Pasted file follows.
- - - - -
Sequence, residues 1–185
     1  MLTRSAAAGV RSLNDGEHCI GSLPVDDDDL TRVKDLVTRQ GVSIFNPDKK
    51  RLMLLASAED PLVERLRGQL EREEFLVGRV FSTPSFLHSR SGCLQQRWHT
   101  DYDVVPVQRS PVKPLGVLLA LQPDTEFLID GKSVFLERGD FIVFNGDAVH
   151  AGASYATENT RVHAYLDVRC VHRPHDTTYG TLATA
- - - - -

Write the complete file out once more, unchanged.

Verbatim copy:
Sequence, residues 1–185
     1  MLTRSAAAGV RSLNDGEHCI GSLPVDDDDL TRVKDLVTRQ GVSIFNPDKK
    51  RLMLLASAED PLVERLRGQL EREEFLVGRV FSTPSFLHSR SGCLQQRWHT
   101  DYDVVPVQRS PVKPLGVLLA LQPDTEFLID GKSVFLERGD FIVFNGDAVH
   151  AGASYATENT RVHAYLDVRC VHRPHDTTYG TLATA